Remember that we were still in the story-telling phase of our relationship. I mentioned how when we were younger some of my cousins and I found a litter of wild kittens in my grandparent's barn and we spent all day trying to catch them. I finally caught one, but it really clawed up my arm. By that afternoon she would come when we called her. He shared similar wild kitten stories and we decided if we found wild kittens on campus, we could probably catch and tame them. It wouldn't be that much different from catching them in the barn.

One day we started seeing a kitten outside of his apartment. She was a beautiful spotted cat that couldn't have been more than 4 or 5 months old, her mew was high-pitched and sweet like honey. We would look for her and talk about catching her to tame her... and how Angry Dissenter would be excited to have a kitten, too, because he was the biggest save-and-love-the-animals person in the world. We could catch the kitten and after she got over the initial shock, would be the most precoius cat in the entire world. Angry Dissenter became part of the discussions. It was decided; somehow in a twisted universe it was our moral obligation to save this kitten from a lifetime of leftover ramen.

Later The Hater and I were driving back to his apartment from renting movies and saw the kitten in the breezeway of the building. I crept to about twenty-five yards from her while The Hater snuck around to the other side of the building to catch her from behind. It was going to be perfect.

I held eye contact and sang the most soothing melodies as I saw him tiptoe into place, then pounce and grab her back from behind. The scene that followed had not been anticipated.

The cat flipped an exorcist-like twist in his hand, while clawing his arm, and bit down on the skin between his right thumb and index finger. She was hissing and snarling, this the darling kitten who we just wanted to pamper and feed and love.

The Hater cussed. Imagine a cat biting and clawing, except doing it to an extent that he couldn't pull it off of him with his other hand. The cat was still going nuts and clawing as The Hater continued to sling his arm in another attempt to rid himself of his leachlike barnacle, the furry demon.

The slimy cat didn't let go. Well, she quit clawing, but was still chomped onto his hand. He continued to sling. I'm tried to tell him not to hurt the cat, but I couldn't because I was laughing so hard that tears were rolling and I was beginning to double over.

He continuesd to pull with his left hand and alternate between shaking his right, until finally the mangy mongrel released her death grip and fled for the wooded lot behind campus. She turned around and hissed again before escaping into her den in the woods. Incidently, we saw her again a couple of times around campus, but never again at his apartment building.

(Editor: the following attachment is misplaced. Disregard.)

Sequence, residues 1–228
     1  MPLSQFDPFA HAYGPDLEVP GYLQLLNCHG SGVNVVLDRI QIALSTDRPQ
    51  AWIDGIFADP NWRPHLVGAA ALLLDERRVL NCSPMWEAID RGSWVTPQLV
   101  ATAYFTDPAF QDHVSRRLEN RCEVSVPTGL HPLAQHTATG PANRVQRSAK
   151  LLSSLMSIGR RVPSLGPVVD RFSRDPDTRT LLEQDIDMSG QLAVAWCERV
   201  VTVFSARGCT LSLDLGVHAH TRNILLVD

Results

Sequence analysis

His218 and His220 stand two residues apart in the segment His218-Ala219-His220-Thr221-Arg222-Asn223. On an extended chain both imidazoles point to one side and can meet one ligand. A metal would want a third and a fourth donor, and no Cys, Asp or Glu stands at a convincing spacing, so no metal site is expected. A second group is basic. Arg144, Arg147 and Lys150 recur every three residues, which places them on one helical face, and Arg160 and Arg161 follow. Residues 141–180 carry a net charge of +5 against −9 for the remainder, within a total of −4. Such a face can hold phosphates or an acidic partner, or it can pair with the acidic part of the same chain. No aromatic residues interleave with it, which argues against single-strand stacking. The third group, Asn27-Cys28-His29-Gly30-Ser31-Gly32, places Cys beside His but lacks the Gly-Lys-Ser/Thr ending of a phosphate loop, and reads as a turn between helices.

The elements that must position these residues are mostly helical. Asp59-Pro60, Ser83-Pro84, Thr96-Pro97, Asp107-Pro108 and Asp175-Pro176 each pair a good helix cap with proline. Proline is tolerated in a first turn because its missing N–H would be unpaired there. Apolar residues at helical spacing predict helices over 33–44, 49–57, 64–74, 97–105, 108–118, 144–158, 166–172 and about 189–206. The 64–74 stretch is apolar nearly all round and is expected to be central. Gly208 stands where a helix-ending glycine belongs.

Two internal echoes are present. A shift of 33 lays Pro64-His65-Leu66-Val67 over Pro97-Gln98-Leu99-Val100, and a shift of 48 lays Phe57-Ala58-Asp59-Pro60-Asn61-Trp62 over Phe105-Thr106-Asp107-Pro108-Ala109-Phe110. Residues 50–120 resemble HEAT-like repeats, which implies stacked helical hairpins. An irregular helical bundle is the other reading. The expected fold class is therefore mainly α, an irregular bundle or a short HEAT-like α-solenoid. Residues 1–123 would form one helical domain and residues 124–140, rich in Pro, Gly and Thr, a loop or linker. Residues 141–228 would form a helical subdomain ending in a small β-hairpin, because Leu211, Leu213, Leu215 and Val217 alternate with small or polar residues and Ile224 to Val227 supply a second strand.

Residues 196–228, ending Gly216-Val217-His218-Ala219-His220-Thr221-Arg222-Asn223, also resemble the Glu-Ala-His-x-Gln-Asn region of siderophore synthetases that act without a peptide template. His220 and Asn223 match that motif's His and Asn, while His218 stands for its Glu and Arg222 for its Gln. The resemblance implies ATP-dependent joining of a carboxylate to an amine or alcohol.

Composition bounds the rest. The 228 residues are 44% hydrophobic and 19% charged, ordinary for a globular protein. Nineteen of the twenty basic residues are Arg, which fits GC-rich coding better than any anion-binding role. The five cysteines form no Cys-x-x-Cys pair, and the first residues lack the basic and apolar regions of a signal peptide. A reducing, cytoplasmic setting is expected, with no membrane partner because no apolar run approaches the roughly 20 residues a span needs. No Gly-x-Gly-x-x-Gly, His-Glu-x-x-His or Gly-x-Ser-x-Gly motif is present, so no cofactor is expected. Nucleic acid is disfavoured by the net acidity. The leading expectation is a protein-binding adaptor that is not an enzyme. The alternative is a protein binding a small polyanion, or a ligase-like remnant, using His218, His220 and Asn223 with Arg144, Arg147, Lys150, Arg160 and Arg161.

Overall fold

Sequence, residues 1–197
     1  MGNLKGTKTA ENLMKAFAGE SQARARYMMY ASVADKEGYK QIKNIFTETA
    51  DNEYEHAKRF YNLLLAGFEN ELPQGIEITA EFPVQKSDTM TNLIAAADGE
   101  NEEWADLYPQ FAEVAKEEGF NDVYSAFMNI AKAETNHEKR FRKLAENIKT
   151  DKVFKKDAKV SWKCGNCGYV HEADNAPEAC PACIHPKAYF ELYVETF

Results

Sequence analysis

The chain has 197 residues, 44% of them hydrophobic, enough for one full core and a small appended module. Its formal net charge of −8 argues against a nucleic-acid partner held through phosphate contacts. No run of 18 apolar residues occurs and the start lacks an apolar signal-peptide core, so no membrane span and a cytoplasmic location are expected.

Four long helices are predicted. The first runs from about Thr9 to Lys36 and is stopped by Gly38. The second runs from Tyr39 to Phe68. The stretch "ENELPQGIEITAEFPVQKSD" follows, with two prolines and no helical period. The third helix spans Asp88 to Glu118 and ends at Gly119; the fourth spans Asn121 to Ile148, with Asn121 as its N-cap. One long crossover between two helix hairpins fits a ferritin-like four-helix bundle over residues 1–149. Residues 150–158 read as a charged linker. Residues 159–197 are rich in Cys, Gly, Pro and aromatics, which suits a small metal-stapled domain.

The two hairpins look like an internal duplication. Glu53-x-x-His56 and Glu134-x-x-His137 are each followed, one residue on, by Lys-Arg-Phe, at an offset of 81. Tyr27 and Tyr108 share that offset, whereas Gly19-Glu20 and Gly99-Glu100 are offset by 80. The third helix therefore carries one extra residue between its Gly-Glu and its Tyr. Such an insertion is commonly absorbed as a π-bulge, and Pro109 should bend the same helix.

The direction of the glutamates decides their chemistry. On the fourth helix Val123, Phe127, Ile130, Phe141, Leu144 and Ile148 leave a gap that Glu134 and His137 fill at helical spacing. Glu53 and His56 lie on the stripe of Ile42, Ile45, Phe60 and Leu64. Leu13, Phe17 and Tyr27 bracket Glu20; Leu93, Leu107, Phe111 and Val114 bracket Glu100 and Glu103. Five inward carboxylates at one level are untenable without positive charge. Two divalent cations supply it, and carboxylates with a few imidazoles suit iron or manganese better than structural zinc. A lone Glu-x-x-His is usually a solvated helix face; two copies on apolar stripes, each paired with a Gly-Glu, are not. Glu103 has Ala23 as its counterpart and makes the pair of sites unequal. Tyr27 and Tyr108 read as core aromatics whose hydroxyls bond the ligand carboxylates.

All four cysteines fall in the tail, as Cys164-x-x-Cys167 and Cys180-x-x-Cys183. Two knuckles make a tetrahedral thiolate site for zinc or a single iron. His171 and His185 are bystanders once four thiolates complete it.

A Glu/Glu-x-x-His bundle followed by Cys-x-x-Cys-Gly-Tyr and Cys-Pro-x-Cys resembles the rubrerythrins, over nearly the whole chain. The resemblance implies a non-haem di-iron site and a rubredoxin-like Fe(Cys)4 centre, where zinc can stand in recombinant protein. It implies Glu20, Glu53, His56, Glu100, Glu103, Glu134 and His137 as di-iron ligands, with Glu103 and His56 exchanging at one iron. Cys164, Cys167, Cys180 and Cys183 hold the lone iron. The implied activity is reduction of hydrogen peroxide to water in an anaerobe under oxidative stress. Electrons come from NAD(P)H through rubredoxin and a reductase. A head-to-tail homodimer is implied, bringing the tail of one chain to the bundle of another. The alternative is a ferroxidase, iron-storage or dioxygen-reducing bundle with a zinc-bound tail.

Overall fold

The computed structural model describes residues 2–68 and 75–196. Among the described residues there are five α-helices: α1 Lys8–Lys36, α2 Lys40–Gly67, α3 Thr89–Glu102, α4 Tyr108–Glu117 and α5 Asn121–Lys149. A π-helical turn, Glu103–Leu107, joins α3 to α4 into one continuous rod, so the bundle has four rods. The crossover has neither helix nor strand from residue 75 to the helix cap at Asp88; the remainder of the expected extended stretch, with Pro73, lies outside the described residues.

Meanwhile, I walked The Hater up the stairs to his apartment, struggling to find a line between showing concern and laughing my guts out. Angry Dissenter was watching tv, waiting for us to bring back the movies, and was immediately concerned when we entered the apartment. I took The Hater directly to the kitchen sink and sat him in a chair while I washed his hand and arms to wash the blood and see if anything looked worthy of needing stiches.

What happened?, Angry Dissenter demanded as he handed me paper towels.

At this point I've lost all ability to struggle my emotions and I'm laughing so hard I can hardly breathe and I'm convinced that I will wet my pants before this is over. We tried to catch the kitten, I told him. One of the great things about Angry Dissenter is that he immediately fell with me into the I-can-hardly-breathe catergory of laughing.

The Hater started to laugh. We begin to gasp through acting out catching the kitten for Angry Dissenter, who at this point had gone back to the couch and fallen over through his laughing fits. I never thought you'd actually try it, he repeated as he rolled. I never thought you would actually try it.

I looked back at The Hater's hand. He was going to need something stronger than dish soap to clean it. But of course they didn't have any alcohol or peroxide, or even bandaids. They were rugged bachelors and had no need for pansy things like that.

We left The Hater holding presure on his hand over the sink as Angry Dissenter drove me to my dormitory so that I could gather first aid supplies. Halfway to my dorm we had to pull over and laugh some more, tears continuing to run down our faces, and we returned somewhat straight-faced to patch The Hater's hand and bruised ego.

I don't remember what movies we watched that night, but we probably drank either some flavor of Tropicana Twister fruit juice with Smirnoff or Jack and Coke.

Incidently, we never tried to catch a wild kitten again.

Monday, May 08, 2006

to fly or not to fly

And the other tragedy is that my special ink pen died today. It's true that I have oodles of other pens to pick from, but my special purple ink pen had sentimental value that all those other pens can't even touch.

It was a 2nd street special, and the only one like it in OKC. Maybe this Christmas my Peanut will be someone with special powers who will be able to procure me a new special purple pen.

Speaking of special powers, updates to the radiation poll (blue box to the right) include a total of 79 votes to date. If you remember, the special power which wins will be the one I request from my endocrinologist prior to taking the radiation treatment next week. We have a total of 80 votes: in the lead are Flying (like Superman) with 24 votes, Jedi-like powers (like Yoda) with 20 votes, and Telepathy (like Professor X) with 18 votes. If you haven't voted yet, or if you want to vote again, you have less than a week to make those numbers change! Rock the vote already.